Avoid the Oops — Not Trying the Language

Katerina, my new Greek friend who taught me the proper Greek alphabet
© Stephanie Glaser

During a layover from Athens to Amsterdam, I took advantage of a free minibus tour of Budapest, arranged by the airline company on which I flew. Because the tour was conducted completely in Greek, I didn’t learn much about Budapest, but I befriended the seven other travelers on the van who were all from Greece.

The only Greek word that I knew was “Efharisto,” (thank you) so whenever I could use it, I did.

Katerina, a seven-year-old girl who was part of the minivan crew, giggled and said something to Gabriella, one of the two English speakers in the group. Gabriella told me that Katerina found it funny that the only thing I could say in Greek was “thank you.”

Through Gabriella, I told Katerina I actually knew the Greek alphabet. I spared relaying the details of how I had learned her language’s alphabet, along with such skills as playing quarters and other drinking games, while in a sorority at college. Then in a moment of silliness, I sang her the version I had learned courtesy of Delta Gamma.

For a minute, as everyone sat in silence, I thought I had offended them. Then all the Greeks broke out into uproarious laughter. Clearly they got a big kick out of the Alpha Beta Gamma ditty, and they had a hard time composing themselves again.

Although slightly embarrassed, I never felt like they thought I was an idiot. Entertaining, yes, but stupid, no. In fact, Katerina and her grandfather offered to give me a proper lesson in the alphabet. They patiently waited for me to repeat each letter after them.

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“Tossing cookies” into a Dutch Canal

One of Leiden’s many canals.
© Stephanie Glaser

“Overgeven.” It’s a Dutch verb that translates as: “to vomit, barf, spew, puke.” It covers pretty much every way to expel your insides. And, really, it is one of the most effective verbs in any language, because when pronounced properly with a “guttural g,” the word sounds like what it is.  A global onomonopia. The result, indeed, sounds like heaving or at least clearing a stubborn popcorn kernel out of one’s throat.

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The Friday Travel Ahhh…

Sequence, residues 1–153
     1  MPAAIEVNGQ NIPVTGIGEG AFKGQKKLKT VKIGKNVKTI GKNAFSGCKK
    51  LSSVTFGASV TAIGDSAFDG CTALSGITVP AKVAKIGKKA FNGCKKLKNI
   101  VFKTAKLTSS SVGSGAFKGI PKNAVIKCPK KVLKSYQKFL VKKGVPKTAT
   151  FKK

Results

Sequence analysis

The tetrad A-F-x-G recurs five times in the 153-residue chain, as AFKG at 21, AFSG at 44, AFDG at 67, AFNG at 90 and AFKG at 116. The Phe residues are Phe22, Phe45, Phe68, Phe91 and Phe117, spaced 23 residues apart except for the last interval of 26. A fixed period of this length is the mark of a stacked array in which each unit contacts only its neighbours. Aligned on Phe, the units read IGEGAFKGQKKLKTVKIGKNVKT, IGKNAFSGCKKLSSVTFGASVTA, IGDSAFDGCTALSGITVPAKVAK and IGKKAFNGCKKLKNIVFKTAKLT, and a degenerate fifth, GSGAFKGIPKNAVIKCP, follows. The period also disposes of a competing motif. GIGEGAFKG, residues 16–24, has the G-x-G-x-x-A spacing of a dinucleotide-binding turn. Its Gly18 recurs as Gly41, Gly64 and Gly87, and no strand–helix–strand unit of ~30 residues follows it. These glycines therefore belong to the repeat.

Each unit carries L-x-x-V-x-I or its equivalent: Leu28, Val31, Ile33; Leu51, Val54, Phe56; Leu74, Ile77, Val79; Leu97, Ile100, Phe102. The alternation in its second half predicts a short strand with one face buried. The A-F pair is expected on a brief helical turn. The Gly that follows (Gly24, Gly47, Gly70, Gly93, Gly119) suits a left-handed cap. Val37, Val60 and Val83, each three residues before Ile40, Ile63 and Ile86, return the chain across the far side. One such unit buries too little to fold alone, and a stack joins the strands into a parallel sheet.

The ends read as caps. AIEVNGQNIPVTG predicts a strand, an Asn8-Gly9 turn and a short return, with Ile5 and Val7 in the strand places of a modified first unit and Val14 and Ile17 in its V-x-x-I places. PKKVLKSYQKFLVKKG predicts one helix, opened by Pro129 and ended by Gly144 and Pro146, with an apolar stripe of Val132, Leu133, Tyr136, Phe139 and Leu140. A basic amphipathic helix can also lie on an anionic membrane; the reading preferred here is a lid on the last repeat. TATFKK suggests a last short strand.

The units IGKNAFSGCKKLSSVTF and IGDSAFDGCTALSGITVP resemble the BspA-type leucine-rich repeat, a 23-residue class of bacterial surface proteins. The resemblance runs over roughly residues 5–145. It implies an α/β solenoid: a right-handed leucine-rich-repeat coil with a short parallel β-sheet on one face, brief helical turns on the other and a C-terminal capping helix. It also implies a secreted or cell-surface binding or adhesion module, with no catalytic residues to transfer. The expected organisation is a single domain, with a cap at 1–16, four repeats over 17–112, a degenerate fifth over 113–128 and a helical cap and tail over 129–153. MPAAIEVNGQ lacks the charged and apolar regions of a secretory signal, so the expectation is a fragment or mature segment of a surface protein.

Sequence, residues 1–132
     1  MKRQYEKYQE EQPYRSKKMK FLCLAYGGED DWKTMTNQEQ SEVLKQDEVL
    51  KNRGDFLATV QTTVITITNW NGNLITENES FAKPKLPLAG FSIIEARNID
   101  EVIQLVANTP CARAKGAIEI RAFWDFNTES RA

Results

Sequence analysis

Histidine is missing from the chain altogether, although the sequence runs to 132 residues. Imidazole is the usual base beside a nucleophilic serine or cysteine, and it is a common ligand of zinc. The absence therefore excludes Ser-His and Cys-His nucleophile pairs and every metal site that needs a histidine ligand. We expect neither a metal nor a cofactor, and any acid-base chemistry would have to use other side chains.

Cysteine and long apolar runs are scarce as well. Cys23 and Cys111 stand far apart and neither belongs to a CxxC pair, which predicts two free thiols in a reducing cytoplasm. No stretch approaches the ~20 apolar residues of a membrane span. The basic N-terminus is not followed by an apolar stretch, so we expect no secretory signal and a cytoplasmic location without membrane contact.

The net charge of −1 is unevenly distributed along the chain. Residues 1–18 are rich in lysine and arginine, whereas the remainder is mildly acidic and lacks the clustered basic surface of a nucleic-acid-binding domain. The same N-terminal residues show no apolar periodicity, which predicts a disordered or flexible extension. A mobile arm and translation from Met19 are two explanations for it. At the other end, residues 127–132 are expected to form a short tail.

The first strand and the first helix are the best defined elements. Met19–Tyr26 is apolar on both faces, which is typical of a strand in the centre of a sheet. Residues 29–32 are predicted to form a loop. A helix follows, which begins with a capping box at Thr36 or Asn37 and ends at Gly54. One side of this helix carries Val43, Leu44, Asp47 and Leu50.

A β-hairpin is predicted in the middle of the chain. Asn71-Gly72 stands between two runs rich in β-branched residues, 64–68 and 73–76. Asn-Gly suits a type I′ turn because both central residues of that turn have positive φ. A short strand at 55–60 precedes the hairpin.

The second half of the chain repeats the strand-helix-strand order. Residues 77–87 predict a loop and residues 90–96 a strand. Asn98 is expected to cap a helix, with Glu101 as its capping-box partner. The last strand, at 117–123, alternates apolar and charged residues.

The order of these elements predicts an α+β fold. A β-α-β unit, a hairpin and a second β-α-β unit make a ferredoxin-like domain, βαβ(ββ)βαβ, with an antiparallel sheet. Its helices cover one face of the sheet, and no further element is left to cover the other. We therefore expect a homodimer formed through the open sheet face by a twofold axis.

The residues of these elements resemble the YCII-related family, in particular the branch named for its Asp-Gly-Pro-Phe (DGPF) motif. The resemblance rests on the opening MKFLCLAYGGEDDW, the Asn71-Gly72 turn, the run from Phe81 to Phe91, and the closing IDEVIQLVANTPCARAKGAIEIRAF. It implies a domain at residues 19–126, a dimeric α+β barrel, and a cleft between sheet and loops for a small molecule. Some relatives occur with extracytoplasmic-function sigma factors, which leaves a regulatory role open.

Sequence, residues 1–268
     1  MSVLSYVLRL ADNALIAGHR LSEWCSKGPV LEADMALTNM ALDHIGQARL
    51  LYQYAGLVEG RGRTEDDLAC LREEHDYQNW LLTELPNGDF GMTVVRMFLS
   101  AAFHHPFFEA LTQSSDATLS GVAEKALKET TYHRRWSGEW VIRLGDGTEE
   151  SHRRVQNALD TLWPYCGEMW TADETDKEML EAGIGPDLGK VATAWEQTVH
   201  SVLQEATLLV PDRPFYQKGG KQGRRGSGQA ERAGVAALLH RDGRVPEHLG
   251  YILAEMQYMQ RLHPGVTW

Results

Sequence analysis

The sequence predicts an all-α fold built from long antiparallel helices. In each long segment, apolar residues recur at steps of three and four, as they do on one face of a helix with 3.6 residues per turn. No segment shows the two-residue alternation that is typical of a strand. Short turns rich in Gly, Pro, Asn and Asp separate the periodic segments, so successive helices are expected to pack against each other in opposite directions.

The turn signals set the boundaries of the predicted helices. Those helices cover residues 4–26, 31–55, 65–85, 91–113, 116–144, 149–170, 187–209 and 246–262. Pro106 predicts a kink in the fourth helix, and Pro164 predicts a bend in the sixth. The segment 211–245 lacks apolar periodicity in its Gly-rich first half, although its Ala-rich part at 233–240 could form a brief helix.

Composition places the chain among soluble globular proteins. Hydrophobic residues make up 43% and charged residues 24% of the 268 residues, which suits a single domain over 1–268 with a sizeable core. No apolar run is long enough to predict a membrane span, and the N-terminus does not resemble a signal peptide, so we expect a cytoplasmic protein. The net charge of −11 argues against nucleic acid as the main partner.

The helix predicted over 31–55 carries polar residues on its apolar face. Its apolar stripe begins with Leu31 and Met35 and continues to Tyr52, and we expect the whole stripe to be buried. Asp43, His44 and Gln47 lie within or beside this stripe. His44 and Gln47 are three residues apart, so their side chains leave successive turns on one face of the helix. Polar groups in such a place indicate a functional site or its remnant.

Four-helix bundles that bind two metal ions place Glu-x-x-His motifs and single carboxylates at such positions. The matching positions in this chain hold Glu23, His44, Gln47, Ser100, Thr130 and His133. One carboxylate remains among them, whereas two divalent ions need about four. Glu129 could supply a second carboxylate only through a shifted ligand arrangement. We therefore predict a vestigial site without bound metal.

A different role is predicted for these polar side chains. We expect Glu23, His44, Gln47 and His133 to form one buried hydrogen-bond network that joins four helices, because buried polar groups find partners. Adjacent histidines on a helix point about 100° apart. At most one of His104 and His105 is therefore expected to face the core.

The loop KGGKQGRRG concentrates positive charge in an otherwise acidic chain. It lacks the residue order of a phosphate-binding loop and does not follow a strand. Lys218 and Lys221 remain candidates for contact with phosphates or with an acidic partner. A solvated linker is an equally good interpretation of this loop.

© Stephanie Glaser

As anyone who travels knows, there are missteps, mishaps and misadventures, but then there are those perfect moments when we say: “yeah, this is why I travel.” I’m choosing Fridays to be the Travel Ahh… day

I love this photo because this Dutch man is so in the moment. I ran over to take his picture when I saw him dancing on a wall in Amsterdam on Koninginnedag or Queen’s Day. The Netherlands celebrates this holiday every April and it is not about having tea and crumpets while Queen Beatrix waves from a balcony. It’s a day when the normally somewhat reserved Dutch really revel. The day has a huge sense of community — everyone is accepted as Dutch on Koninginnedag. To me, this photo captured exactly the feeling of the day.

A Rotterdam hotel: “We only charge by the hour.” – “Oh.” Awkward.

Rotterdam — Amsterdam’s grittier cousin.
© Stephanie Glaser

Visiting the Red Light District in Amsterdam is like going to an amusement park: lots of twinkly lights, displays and crazy characters in abundance. Additionally, a Dutch friend once told me that you’ll find a bigger police presence there than in the rest of the city. Consequently, it’s surealistically safe. Indeed, Amsterdam is well-known for the Red Light District and the more tolerant attitude toward drugs and “sin.”

Rotterdam’s vices, on the other hand, are a little less Vegas. It has always seemed a bit more gritty to me. For example, I actually experienced my first sighting of someone smoking crack in a phone booth – in broad daylight on a quiet city street. Of course, Rotterdam is one of the largest port cities in the world – so there’s bound to be a seedy element somewhere in the city.

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